Flame retardants and car seats? Still a thing

Flame retardants are considered carcinogens, hormone disruptors and developmental toxics. Infants and children are especially vulnerable to the effects of flame retardants in chemical laden dust and toxic fumes since their systems are still developing, and most spend many hours in car seats. More:

12/12/2016 -

Washington has become the first U.S. state to sue the agrochemical giant Monsanto over pervasive pollution from PCBs, the toxic industrial chemicals that have accumulated in plants, fish and people around the globe for decades. The company said the case "lacks merit." More:


Washington State Suing Agrochemical Giant Over PCB Pollution

Washington has become the first U.S. state to sue the agrochemical giant Monsanto over pervasive pollution from PCBs, the toxic industrial chemicals that have accumulated in plants, fish and people around the globe for decades. The company said the case "lacks merit." More:

02/12/2016 -

The International Agency for Research on Cancer (IARC) Monographs Programme, which has evaluated nearly 1,000 agents for their carcinogenic potential since 1971, selects agents for hazard identification on the basis of public nominations, expert advice, published data on carcinogenicity, and public health importance. A complementary approach, accounting for chemical similarity and overlaying multiple data sources, can be used to systematize, inform and increase efficiency in selecting and prioritizing agents for hazard identification, risk assessment and regulation or further investigation. More:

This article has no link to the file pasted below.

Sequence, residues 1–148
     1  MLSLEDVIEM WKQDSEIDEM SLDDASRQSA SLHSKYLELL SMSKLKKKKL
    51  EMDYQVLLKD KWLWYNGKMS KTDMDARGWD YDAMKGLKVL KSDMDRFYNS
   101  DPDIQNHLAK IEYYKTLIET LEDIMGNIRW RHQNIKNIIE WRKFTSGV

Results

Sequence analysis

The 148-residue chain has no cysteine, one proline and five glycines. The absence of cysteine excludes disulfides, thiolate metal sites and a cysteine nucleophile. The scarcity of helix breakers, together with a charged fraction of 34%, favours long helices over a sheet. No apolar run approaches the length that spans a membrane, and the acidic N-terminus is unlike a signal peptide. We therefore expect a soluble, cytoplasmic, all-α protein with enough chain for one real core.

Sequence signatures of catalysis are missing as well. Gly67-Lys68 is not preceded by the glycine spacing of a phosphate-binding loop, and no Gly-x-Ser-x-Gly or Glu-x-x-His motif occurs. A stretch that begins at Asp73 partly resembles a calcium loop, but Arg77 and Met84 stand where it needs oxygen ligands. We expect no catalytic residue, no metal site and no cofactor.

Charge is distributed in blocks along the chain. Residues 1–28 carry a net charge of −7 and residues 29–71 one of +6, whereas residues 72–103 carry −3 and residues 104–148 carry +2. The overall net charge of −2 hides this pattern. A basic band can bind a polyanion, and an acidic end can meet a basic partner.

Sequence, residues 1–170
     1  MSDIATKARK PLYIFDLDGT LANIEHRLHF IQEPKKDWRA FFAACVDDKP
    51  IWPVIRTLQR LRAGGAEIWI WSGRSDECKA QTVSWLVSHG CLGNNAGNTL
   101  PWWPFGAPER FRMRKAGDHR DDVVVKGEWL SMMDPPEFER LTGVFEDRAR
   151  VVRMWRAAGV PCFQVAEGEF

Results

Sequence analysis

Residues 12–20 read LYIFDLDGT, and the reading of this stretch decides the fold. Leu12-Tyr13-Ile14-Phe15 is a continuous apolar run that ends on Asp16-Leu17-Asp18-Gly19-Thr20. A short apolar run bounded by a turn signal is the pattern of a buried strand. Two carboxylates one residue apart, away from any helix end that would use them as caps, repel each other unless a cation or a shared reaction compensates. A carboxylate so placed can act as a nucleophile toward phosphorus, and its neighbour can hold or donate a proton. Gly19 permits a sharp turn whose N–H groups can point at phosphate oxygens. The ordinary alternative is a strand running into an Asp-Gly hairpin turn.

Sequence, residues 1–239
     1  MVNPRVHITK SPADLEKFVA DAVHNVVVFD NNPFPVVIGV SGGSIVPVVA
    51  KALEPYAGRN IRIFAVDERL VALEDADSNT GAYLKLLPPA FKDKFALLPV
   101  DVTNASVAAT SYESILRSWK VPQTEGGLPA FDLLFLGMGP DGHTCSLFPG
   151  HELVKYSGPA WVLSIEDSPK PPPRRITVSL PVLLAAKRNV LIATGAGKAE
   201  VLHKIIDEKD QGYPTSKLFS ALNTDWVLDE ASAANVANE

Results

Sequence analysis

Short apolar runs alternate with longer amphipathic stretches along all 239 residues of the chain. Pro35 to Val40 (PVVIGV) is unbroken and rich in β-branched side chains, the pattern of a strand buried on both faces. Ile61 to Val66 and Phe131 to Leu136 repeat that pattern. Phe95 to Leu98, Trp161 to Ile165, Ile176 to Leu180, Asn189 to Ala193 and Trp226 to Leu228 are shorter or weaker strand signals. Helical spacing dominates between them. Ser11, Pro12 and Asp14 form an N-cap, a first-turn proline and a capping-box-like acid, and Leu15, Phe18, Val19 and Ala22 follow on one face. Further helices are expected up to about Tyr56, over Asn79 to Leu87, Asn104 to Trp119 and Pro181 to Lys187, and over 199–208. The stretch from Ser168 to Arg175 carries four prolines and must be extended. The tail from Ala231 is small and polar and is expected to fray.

Prioritizing Chemicals for Risk Assessment Using Chemoinformatics: Examples from the IARC Monographs on Pesticides

The International Agency for Research on Cancer (IARC) Monographs Programme, which has evaluated nearly 1,000 agents for their carcinogenic potential since 1971, selects agents for hazard identification on the basis of public nominations, expert advice, published data on carcinogenicity, and public health importance. A complementary approach, accounting for chemical similarity and overlaying multiple data sources, can be used to systematize, inform and increase efficiency in selecting and prioritizing agents for hazard identification, risk assessment and regulation or further investigation. More:

02/12/2016 -

Between climate change, human conflict and habitat loss, polar bears have more than enough to worry about. But it turns out these vulnerable conservation icons also face a more unlikely threat: industrial chemicals that were banned almost 40 years ago. More: